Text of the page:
Good search.

I know it's possible to load from a JAR. What I'm interested in is compiling them without resorting to external tools and in a way where I can assume anyone with any JVM can do the same. Does Java maintain a reliable accessible path to the compiler (is the compiler included in the JVM ?) that is guaranteed to work in all case on any machine ? I'd be fine with that, even if it wouldn't offer the synctactic sugar .NET offers.

I would also like to load binaries from languages other than Java. I don't want to use an arbitrary interpreted scripting language, but say, C++ or C#. (Altough .NET requires a third-party library to load Java classes, the underlying used functionnality is CodeDOM, so loading C# classes in Java wouldn't be as easy, and as such, no popular projects doing so exist.)

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Kambiz    758
I know *exactly* what I want:
My application will have a small kernel, the kernel will load many PlugIns, compile them and use them when needed. In Managed C++ or C# I would use C# like a scripting language and compile all the PlugIns using the CodeDomProvider, now I want to know if it is possible to do the same thing in Java.
Please do not tell me I need to use a scripting language! If that is the only way in Java I will use c# for this Project at the cost of portability.

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rip-off    10979
Quote:
 Original post by KambizI know *exactly* what I want:My application will have a small kernel, the kernel will load many PlugIns, compile them and use them when needed. In Managed C++ or C# I would use C# like a scripting language and compile all the PlugIns using the CodeDomProvider, now I want to know if it is possible to do the same thing in Java.

AFAIK the java compiler is only available to those with the sdk, not the java runtime. Java can load and use arbitrary class files during execution (not only those included during compilation ), and can load DLLs ( but you need some special interfacing to talk to the JVM, namely the JNI ).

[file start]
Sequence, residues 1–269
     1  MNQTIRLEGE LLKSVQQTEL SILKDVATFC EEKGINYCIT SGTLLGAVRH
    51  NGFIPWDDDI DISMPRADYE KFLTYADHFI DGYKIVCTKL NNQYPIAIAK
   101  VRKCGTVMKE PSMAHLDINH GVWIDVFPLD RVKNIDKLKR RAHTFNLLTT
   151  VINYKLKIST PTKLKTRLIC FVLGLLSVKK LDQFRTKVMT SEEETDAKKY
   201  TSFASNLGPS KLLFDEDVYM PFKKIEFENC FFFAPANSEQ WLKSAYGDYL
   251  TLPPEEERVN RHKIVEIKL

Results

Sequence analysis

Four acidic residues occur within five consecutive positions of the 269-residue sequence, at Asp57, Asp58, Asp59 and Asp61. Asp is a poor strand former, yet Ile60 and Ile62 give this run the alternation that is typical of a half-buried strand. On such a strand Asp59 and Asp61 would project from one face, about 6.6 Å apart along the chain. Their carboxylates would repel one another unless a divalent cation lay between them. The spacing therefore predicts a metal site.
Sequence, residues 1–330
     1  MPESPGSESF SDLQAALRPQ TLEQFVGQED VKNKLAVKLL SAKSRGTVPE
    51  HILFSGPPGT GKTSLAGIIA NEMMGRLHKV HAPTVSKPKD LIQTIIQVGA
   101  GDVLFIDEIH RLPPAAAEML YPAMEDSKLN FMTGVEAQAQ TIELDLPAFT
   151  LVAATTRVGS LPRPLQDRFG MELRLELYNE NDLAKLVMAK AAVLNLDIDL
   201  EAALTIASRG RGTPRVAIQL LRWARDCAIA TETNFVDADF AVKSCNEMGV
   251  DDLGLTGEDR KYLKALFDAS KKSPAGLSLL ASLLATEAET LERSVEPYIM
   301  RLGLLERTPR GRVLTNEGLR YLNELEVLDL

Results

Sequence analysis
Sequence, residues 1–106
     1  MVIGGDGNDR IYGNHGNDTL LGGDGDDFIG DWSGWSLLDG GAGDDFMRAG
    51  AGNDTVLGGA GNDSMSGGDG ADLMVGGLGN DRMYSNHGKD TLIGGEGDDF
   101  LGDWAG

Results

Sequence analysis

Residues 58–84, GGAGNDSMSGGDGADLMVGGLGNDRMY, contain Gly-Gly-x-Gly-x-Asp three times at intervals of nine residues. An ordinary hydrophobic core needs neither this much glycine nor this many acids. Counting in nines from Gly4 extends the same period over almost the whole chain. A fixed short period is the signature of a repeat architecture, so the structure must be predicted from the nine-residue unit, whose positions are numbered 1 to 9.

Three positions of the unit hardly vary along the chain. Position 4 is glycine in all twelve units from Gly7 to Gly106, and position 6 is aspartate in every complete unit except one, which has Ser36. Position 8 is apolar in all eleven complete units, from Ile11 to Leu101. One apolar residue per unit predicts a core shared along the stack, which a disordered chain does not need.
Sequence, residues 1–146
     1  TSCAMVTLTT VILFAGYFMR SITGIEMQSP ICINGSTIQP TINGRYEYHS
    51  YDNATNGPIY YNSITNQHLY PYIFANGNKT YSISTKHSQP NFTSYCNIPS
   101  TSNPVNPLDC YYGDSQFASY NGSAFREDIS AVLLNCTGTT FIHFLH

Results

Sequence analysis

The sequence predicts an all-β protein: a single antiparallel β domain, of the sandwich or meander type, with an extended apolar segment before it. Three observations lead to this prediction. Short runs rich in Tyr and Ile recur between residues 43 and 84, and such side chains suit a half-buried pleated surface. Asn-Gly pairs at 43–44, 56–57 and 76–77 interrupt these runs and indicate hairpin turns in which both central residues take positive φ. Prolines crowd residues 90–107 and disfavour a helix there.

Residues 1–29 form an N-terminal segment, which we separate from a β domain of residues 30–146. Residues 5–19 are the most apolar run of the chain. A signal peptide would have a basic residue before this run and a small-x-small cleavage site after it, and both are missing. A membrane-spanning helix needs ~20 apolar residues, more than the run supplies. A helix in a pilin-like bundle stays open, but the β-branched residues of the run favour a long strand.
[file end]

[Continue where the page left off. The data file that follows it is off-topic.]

If I read the MSDN page here correctly:
Quote:
 . Several languages are supported by CodeDomProvider implementations that ship with the .NET Framework SDK.

Does this mean that an implementation of CodeDom only exists if you have a .Net SDK installed? Or idoes the SDK come with the runtime?

However, anyone who is going to be writing plugins for your program will surely have access to a compiler, so why would it be neccesary to have your program compile the .javas as opposed to just using the .class / .jar files?

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jfclavette    1058
Quote:
Original post by rip-off
Quote:
 Original post by KambizI know *exactly* what I want:My application will have a small kernel, the kernel will load many PlugIns, compile them and use them when needed. In Managed C++ or C# I would use C# like a scripting language and compile all the PlugIns using the CodeDomProvider, now I want to know if it is possible to do the same thing in Java.

AFAIK the java compiler is only available to those with the sdk, not the java runtime. Java can load and use arbitrary class files during execution (not only those included during compilation ), and can load DLLs ( but you need some special interfacing to talk to the JVM, namely the JNI ).

If I read the MSDN page here correctly:
Quote:
 . Several languages are supported by CodeDomProvider implementations that ship with the .NET Framework SDK.

Does this mean that an implementation of CodeDom only exists if you have a .Net SDK installed? Or idoes the SDK come with the runtime?

However, anyone whoe is going to be writing plugins for your program will surely have access to a compiler, so why would it be neccesary to have your program compile the .javas as opposed to just using the .class / .jar files?

The compilers, not the SDK, come with the Framework redistributable. As to why, say I want the users to be able to script my game trough a level editor. The scripting language I want is a subset of C#. They script the game trough my level editor, save, load the game, and their modifications take effect automatically.

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Guest Anonymous Poster
Quote:
 Original post by jfclavetteI know it's possible to load from a JAR. What I'm interested in is compiling them without resorting to external tools and in a way where I can assume anyone with any JVM can do the same. Does Java maintain a reliable accessible path to the compiler (is the compiler included in the JVM ?) that is guaranteed to work in all case on any machine ? I'd be fine with that, even if it wouldn't offer the synctactic sugar .NET offers.

See Java 6 Mustang releases for the Compiler API. Prior to that version you will to look up for libraries on the net.

Quote: